So, what is copyright? It is the exclusive right to control a creative work. No other party can use the work without the copyright holder’s express permission. For example, assume Stephen King writes a novel. He then signs a contract with his publisher, giving that company the right to reproduce and sell the story in exchange for paying King a hefty royalty. If a production company wishes to turn the book into a movie, they would need to pay King a fee for the right to do so as well.
Trademarks are similar to copyrights in that they protect original creations. However, the work in question are words, designs, logos, or symbols that identify the source of goods or service of one party. The mark also distinguishes the products or services from those of a third party.
An example of a trademark you are likely very familiar with is the word “Google.” If we are having a conversation with friends and someone mentions the name, you immediately picture a particular company in your mind. Indeed, the Google mark is so strongly associated with one niche of commerce – search engines – that people often refer to searching for something online as “Googling” it.
Importantly, a trademark can only cover a few words. “Just Do It” is a trademark registered to Nike that most people recognize. At three words, it meets the requirements of a mark in that it is sufficiently brief not to cause conflicts with copyright law [we’ll discuss below] while also identifying the source of goods in the eyes of consumers. If a person hears the phrase, they will associate it with Nike if they are familiar with sports products.
Does a trademark apply to the full world of commerce? Not usually. Trademarks are organized by classes of trade. The Patent & Trademark Office breaks them down into 34 categories for goods and 11 for services. The trademark classes break down as follows:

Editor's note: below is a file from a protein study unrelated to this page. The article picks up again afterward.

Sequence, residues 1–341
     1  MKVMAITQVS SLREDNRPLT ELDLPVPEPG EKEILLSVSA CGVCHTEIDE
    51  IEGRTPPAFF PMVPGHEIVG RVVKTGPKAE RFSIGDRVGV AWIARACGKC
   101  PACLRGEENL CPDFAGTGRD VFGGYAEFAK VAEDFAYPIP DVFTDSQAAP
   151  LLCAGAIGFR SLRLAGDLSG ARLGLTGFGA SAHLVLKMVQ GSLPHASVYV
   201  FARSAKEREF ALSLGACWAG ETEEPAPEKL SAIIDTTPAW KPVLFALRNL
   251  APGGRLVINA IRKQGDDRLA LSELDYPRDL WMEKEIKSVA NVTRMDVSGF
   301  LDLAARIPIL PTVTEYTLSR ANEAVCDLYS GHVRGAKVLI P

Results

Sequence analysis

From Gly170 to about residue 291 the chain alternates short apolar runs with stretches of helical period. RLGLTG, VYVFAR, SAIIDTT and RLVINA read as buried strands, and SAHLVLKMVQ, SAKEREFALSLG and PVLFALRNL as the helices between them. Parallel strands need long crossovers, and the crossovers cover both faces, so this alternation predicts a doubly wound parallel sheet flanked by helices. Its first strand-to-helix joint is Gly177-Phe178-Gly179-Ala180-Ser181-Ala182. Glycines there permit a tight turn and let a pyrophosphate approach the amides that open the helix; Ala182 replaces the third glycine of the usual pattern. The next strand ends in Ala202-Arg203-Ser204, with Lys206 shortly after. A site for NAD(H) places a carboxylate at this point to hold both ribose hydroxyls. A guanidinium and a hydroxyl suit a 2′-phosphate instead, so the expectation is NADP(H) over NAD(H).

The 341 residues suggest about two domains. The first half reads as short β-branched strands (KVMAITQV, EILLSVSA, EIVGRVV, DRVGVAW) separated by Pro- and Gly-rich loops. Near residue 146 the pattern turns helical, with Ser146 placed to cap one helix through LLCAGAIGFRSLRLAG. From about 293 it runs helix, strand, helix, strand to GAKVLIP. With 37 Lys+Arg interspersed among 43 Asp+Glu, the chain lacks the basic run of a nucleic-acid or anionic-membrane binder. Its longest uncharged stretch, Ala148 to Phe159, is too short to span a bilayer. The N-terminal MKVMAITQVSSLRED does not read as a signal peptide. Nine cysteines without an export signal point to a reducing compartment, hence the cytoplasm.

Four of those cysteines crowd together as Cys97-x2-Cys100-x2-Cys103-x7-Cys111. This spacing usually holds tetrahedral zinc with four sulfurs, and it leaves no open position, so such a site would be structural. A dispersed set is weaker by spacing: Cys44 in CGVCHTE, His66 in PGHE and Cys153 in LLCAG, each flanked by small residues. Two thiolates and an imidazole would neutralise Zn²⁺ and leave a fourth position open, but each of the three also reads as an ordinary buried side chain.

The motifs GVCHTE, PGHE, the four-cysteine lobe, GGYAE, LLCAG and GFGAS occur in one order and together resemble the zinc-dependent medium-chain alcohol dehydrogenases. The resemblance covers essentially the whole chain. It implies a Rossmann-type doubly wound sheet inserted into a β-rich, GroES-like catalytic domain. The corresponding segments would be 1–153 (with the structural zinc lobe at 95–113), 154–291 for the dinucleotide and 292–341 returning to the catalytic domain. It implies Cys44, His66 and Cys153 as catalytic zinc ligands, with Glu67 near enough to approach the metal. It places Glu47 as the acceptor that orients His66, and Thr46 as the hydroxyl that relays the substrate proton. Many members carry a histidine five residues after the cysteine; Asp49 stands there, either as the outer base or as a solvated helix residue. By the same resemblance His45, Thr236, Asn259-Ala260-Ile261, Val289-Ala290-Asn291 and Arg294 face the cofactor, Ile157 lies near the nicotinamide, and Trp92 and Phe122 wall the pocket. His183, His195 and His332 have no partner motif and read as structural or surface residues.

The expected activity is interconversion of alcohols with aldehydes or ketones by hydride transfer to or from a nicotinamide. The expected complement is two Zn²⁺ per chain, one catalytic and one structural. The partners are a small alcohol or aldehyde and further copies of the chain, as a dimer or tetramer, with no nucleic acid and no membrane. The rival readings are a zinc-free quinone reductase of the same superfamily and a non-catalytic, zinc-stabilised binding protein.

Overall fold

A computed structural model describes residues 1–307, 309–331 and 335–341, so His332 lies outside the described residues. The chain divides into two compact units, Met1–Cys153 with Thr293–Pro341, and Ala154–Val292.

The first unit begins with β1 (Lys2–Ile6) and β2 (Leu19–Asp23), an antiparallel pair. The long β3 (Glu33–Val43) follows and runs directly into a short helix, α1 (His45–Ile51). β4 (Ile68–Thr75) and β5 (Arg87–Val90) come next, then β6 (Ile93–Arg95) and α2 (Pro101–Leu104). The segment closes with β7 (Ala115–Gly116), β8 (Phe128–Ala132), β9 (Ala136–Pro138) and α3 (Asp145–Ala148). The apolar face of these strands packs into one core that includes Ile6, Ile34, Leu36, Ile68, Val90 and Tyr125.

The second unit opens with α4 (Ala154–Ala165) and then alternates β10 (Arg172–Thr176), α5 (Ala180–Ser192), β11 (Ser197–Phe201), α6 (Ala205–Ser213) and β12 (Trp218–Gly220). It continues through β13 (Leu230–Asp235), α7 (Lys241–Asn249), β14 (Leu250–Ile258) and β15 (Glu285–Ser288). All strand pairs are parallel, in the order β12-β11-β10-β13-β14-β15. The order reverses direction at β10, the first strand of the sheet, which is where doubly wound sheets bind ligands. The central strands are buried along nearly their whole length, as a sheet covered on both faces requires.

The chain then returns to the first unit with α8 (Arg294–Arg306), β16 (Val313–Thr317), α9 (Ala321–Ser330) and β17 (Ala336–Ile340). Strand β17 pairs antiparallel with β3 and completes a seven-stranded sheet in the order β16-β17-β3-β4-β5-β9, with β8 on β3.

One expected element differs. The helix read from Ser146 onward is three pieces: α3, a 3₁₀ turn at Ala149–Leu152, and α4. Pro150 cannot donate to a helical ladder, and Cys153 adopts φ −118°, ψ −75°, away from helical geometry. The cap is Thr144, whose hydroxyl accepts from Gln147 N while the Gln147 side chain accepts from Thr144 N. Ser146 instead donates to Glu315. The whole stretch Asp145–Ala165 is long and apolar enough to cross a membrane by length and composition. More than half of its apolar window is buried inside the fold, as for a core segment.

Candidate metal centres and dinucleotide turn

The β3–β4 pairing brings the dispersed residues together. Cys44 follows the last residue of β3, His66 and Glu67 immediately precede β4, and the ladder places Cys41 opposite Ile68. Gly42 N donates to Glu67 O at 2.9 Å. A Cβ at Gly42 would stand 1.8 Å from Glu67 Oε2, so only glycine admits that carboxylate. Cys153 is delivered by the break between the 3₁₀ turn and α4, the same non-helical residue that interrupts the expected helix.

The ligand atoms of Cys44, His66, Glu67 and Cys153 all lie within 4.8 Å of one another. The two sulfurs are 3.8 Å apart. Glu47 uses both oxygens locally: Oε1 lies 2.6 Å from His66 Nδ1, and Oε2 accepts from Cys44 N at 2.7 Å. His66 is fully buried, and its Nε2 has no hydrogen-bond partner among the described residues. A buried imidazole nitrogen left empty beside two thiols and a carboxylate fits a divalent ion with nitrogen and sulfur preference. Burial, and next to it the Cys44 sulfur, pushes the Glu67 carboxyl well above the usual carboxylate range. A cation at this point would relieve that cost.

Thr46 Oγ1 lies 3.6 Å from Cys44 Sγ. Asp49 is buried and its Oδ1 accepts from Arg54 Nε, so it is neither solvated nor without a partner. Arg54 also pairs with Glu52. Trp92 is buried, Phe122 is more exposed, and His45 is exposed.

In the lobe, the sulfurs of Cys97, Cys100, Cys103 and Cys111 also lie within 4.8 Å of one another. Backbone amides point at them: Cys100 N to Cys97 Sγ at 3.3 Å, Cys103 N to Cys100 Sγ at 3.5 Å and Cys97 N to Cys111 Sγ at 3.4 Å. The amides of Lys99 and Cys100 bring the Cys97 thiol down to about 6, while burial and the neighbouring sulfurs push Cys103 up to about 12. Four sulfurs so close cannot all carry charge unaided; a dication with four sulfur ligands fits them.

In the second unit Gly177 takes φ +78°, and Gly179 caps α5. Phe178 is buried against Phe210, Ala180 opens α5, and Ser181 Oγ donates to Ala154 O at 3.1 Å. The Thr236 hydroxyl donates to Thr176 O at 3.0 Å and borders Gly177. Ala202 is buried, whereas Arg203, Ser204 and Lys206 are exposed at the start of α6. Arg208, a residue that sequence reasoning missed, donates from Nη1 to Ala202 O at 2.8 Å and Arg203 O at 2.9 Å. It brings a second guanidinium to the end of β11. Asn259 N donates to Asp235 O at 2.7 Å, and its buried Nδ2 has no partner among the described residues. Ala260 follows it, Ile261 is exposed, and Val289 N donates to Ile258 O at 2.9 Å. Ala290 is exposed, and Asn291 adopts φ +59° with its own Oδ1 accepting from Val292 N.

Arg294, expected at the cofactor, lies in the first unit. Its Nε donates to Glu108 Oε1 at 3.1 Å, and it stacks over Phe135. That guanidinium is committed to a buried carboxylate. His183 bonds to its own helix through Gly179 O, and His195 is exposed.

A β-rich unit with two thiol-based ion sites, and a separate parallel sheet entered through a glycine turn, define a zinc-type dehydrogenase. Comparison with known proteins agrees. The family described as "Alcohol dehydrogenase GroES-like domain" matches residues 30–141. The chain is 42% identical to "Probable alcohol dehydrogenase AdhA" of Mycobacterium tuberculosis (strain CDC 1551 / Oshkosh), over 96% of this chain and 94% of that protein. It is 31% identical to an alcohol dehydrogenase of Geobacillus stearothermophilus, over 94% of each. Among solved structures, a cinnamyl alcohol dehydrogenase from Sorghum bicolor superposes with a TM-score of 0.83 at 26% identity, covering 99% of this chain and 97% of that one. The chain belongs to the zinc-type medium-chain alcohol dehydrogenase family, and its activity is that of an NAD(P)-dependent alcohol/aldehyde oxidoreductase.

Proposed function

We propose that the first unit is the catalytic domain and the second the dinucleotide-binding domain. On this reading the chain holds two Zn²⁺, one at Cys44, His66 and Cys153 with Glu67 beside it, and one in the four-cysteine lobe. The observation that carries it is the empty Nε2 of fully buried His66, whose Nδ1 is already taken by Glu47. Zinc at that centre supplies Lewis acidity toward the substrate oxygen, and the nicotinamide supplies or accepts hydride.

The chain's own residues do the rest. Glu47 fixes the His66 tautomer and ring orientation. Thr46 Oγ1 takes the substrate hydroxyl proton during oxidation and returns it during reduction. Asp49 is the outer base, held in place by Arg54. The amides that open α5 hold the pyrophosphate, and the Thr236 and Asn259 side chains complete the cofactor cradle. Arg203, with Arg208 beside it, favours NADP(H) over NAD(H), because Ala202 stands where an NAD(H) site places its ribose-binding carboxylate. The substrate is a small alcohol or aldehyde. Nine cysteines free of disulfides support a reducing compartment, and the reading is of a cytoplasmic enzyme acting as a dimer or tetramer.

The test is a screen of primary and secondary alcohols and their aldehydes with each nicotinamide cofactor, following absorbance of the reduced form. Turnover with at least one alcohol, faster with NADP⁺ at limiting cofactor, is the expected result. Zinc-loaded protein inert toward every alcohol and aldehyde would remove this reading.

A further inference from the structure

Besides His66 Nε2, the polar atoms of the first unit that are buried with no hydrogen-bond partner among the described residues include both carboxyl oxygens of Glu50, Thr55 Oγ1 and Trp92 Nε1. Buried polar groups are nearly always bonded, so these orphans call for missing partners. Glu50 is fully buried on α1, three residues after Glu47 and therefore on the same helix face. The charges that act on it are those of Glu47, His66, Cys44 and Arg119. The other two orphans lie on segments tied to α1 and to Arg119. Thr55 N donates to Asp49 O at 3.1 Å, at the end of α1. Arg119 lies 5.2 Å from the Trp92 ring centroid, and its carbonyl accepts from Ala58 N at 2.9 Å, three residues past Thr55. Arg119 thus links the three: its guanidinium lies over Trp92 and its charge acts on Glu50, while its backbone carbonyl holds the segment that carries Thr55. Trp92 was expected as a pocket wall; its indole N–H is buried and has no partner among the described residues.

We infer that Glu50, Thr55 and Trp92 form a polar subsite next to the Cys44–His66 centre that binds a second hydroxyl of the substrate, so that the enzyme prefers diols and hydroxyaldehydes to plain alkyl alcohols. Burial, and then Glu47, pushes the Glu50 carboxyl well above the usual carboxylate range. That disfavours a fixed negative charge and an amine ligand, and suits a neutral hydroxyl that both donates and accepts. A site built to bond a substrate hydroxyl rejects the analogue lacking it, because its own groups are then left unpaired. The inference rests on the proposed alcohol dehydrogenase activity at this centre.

- 001 Chemicals
- 002 Paints
- 003 Cosmetics and cleaning products
- 004 Lubricants and fuels
- 005 Pharmaceuticals
- 006 Metal goods
- 007 Machinery
- 008 Hand tools
- 009 Electrical and scientific apparatus
- 010 Medical apparatus
- 011 Environmental control apparatus
- 012 Vehicles
- 013 Firearms
- 014 Jewelry
- 015 Musical instruments
- 016 Paper goods and printed matter
- 017 Rubber goods
- 018 Leather goods
- 019 Non-metallic building materials
- 020 Furniture and articles not otherwise
- 021 Housewares and glass
- 022 Cordage and fibers
- 023 Yarns and threads
- 024 Fabrics
- 025 Clothing
- 026 Fancy goods
- 027 Floor coverings
- 028 Toys and sporting goods
- 029 Meats and processed foods
- 030 Staple foods
- 031 Natural agricultural products
- 032 Light beverages
- 033 Wines and spirits
- 034 Smokers articles
- 035 Advertising and business
- 036 Insurance and financial
- 037 Construction and repair
- 038 Communication
- 039 Transportation and storage
- 040 Material treatment
- 041 Education and entertainment
- 042 Computer, scientific and legal
- 043 Hotels and restaurants
- 044 Medical, beauty and agricultural
- 045 Personal
Nike would file its trademark registration for “Just Do It” with a class 28 designation, for example. A roofing company would register its logo under class 37 and so on.